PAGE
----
For American patients without health insurance, it is worth considering medical tourism – leaving the country for hip replacement surgery. Many countries in the world offer hip replacement procedures for costs dramatically lower than those in the United States. We have listed hip replacement cost estimates for various medical tourism destinations, as well as the United States, in the chart below. The cost of total hip replacement surgery will also vary from patient to patient, depending on factors such as age and medical history.

 

Hip Replacement Cost
Price Estimates

United States:$50,0800-$65,000
Singapore: $17,000-$23,000
Thailand: $15,500-$17,500
Taiwan: $8,000 – $13,000
India $8,000 – $12,200

 

 

 

 

Formosa Medical Travel works on behalf of patients seeking affordable knee and hip replacement surgery in Taiwan. As one of the world’s most developed countries, with a healthcare system ranked among the best, English-speaking doctors, no visa requirement, and some of the lowest surgical prices in the world, Taiwan has emerged as one of the most popular destinations for Americans seeking low-cost hip replacement surgery.


At Formosa Medical Travel, there is no charge for our services, and your procedure is fully insurable against complications through a US Insurer. Most of the hospitals in our network have been accredited by Joint Commission International (JCI). These world-class facilities provide outstanding care at rates far lower than those in the United States. We will book your surgery, transfer medical records, assist in finding your flight and hotel, and we’ll be there at the airport when you arrive, all at no cost to you.



Common misconceptions about total hip and total knee replacement surgery


November 23rd, 2009 by Formosa Medical Travel

Osteoarthritis is the most common cause of knee and hip pain, afflicting an estimated 40 million Americans. Also known as degenerative joint disease or degenerative arthritis, osteoarthritis can cause the deterioration of both the knee and hip. As the US population continues to age, it is estimated that osteoarthritis will affect as many as one in five Americans by the year 2020.


Although osteoarthritis is not life-threatening, it does have significant effects on the quality of life of those who suffer from it. While non-surgical treatments such as anti-inflammatory drugs – i.e. Naproxen, Aleve, Proxen, etc., and joint fluid injections (such as Hyaluronan, Synvisc, and Synflex) can delay the need for surgery, the only long-term solution is total joint replacement surgery.


There are a number of misconceptions about total hip replacement and total knee replacement surgery. The most common is that total knee replacement and total hip replacement are highly-dangerous procedures. In reality, total knee replacement and total hip replacement surgery have the highest success rates of any elective surgeries performed today.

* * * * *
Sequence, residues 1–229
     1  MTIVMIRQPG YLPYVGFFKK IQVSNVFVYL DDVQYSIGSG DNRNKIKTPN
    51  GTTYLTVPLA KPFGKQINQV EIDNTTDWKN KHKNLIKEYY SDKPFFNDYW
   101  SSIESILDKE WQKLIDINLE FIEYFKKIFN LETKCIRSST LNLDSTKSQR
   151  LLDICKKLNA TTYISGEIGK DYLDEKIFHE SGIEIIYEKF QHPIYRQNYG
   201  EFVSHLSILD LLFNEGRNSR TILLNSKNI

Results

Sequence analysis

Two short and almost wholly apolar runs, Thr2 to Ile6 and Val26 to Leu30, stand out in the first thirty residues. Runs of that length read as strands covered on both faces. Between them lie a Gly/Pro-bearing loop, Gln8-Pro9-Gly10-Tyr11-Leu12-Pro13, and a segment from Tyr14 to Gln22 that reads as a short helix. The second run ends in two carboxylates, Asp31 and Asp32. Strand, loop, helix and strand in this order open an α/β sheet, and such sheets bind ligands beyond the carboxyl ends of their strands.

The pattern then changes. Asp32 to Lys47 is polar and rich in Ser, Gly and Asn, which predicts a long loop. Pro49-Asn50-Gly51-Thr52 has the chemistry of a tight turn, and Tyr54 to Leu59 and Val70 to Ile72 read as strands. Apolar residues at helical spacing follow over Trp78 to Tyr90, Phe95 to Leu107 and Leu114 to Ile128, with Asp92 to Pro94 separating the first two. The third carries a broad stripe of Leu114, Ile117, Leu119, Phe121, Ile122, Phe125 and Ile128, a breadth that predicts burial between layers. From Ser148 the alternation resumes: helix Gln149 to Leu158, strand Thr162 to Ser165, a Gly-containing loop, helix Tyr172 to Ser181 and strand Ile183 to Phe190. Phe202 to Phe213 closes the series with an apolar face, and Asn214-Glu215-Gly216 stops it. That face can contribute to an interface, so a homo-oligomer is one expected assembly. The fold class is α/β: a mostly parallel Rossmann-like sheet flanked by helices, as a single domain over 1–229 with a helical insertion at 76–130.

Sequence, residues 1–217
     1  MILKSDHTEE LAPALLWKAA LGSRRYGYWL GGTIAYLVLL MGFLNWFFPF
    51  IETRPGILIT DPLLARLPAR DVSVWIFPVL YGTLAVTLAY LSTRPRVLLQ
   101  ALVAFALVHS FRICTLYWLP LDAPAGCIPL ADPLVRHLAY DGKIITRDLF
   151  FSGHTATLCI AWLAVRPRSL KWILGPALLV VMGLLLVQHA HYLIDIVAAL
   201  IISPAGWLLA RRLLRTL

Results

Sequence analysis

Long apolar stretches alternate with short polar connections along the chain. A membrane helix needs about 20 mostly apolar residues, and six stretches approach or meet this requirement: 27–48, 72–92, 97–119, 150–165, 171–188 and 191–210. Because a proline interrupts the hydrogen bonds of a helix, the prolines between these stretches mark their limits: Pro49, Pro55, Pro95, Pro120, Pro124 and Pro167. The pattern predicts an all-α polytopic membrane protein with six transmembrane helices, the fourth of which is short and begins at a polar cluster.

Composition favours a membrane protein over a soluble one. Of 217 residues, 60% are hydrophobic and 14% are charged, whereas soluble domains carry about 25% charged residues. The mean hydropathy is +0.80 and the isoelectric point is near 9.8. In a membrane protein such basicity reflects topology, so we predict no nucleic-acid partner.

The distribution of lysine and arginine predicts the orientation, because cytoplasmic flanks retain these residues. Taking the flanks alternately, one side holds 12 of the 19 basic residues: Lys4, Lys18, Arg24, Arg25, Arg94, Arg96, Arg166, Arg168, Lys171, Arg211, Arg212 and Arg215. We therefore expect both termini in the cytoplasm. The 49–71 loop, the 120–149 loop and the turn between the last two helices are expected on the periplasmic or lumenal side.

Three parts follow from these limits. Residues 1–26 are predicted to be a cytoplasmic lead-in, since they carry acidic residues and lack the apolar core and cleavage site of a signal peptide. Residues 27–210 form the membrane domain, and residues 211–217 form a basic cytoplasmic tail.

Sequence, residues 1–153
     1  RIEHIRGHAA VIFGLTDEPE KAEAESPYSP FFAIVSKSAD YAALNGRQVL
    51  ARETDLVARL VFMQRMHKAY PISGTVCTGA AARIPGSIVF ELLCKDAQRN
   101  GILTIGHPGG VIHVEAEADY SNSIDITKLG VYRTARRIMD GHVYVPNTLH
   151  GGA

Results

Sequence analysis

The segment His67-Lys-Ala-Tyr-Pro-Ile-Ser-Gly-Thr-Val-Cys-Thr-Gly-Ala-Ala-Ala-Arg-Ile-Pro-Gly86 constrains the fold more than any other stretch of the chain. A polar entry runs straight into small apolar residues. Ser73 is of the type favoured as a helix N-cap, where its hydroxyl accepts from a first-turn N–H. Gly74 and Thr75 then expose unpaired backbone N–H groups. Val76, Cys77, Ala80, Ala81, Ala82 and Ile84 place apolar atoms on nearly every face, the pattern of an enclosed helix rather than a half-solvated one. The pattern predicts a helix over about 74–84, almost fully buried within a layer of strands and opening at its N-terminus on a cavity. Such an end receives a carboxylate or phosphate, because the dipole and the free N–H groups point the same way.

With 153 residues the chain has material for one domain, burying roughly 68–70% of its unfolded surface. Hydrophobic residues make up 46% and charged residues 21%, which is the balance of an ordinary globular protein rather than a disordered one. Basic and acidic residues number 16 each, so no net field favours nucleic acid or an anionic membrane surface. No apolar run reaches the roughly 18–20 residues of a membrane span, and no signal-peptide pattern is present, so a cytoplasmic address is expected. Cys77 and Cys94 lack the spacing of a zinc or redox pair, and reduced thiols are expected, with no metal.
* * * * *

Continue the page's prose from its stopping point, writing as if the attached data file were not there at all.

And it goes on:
Currently, the vast majority of knee and hip replacement surgeries are performed in minimally-invasive fashion. This allows for minimal scarring and faster healing times, while maintaining the same success rate. While some believe that minimally-invasive procedures may result in different outcomes, the data show that these procedures are equal to their more-invasive counterparts – the only difference being the size and appearance of the incision.


Another misconception is the idea that joint replacements can only last as long as twenty years. This is not necessarily the case. The reason for this is, of course, that the data being used for this assumption is based on knee and hip replacements that were performed twenty years ago. Research is constantly being done to increase the performance of joint replacement devices, and a great deal of time has gone into developing improved models. New production methods and materials will likely increase the lifetime of hip and knee replacements in the future.



Medical Tourism in Taiwan


September 30th, 2009 by Formosa Medical Travel

At Formosa Medical Travel, we work on behalf of patients seeking affordable knee and hip replacement surgery abroad, connecting them with a network of world-class hospitals located in Taiwan. These facilities provide outstanding medical care while offering patients significant savings. We book patients’ surgery, transfer medical records, assist in finding flights and hotels, and provide concierge services to patients in Taiwan. There is no charge for our services.


With medical teams that speak fluent English and are trained and educated in the United States, American patients can have confidence that the quality of healthcare they will receive in Taiwan will meet or exceed that of the United States – at a fraction of the cost.


Formosa Medical Travel specializes in facilitating knee and hip replacement surgery, and nothing else. Since this is our only focus, we are able to provide our patients with a level of service for joint replacement surgery that is unparalleled in medical travel.


Unlike most medical travel facilitators, we do not offer a wide variety of procedures in a dozen different places. We operate in Taiwan, a modern, developed country, and we have close relationships with our network of hospitals and doctors.


Formosa Medical Travel works hard to ensure a comfortable and rewarding medical trip to Taiwan. We make traveling for medical care safe, easy, and affordable. After you get in touch with us via e-mail or phone, we will provide you with the information and guidance you need to choose a hospital and doctor. Then, we’ll assist you in requesting your surgery, transferring medical information, obtaining an evaluation from your medical team, booking an initial consultation, and scheduling your surgery. We will help you book your flight and hotel. When you arrive in Taiwan, we’ll be waiting for you at the airport. All necessary transportation will be arranged. We’ll take care of all the details – from your arrival to your departure.